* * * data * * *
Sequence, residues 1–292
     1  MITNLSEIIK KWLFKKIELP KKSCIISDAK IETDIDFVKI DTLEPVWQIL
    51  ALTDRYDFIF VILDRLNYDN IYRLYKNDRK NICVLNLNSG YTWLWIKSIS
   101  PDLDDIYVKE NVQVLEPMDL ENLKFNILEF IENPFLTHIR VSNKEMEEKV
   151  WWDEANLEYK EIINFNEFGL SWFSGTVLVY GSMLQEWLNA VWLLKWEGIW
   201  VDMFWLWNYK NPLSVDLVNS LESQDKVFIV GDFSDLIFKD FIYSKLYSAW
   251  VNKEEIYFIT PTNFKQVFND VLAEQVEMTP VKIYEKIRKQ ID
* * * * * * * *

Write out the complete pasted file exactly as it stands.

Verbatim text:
Sequence, residues 1–292
     1  MITNLSEIIK KWLFKKIELP KKSCIISDAK IETDIDFVKI DTLEPVWQIL
    51  ALTDRYDFIF VILDRLNYDN IYRLYKNDRK NICVLNLNSG YTWLWIKSIS
   101  PDLDDIYVKE NVQVLEPMDL ENLKFNILEF IENPFLTHIR VSNKEMEEKV
   151  WWDEANLEYK EIINFNEFGL SWFSGTVLVY GSMLQEWLNA VWLLKWEGIW
   201  VDMFWLWNYK NPLSVDLVNS LESQDKVFIV GDFSDLIFKD FIYSKLYSAW
   251  VNKEEIYFIT PTNFKQVFND VLAEQVEMTP VKIYEKIRKQ ID